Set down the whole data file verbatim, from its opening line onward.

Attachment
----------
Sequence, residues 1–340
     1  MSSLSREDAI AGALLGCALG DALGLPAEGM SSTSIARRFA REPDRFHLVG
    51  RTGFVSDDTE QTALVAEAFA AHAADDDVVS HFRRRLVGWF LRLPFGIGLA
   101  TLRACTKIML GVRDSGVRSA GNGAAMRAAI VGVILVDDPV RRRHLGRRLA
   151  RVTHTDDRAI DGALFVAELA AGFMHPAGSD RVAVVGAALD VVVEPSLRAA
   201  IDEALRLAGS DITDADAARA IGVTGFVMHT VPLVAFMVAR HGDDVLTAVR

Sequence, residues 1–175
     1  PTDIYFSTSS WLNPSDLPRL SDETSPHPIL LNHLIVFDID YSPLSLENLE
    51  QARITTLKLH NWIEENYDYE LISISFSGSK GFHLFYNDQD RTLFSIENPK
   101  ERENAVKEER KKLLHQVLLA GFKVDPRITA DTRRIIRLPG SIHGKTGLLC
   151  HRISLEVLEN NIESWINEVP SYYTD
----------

Sequence, residues 1–340
     1  MSSLSREDAI AGALLGCALG DALGLPAEGM SSTSIARRFA REPDRFHLVG
    51  RTGFVSDDTE QTALVAEAFA AHAADDDVVS HFRRRLVGWF LRLPFGIGLA
   101  TLRACTKIML GVRDSGVRSA GNGAAMRAAI VGVILVDDPV RRRHLGRRLA
   151  RVTHTDDRAI DGALFVAELA AGFMHPAGSD RVAVVGAALD VVVEPSLRAA
   201  IDEALRLAGS DITDADAARA IGVTGFVMHT VPLVAFMVAR HGDDVLTAVR

Sequence, residues 1–175
     1  PTDIYFSTSS WLNPSDLPRL SDETSPHPIL LNHLIVFDID YSPLSLENLE
    51  QARITTLKLH NWIEENYDYE LISISFSGSK GFHLFYNDQD RTLFSIENPK
   101  ERENAVKEER KKLLHQVLLA GFKVDPRITA DTRRIIRLPG SIHGKTGLLC
   151  HRISLEVLEN NIESWINEVP SYYTD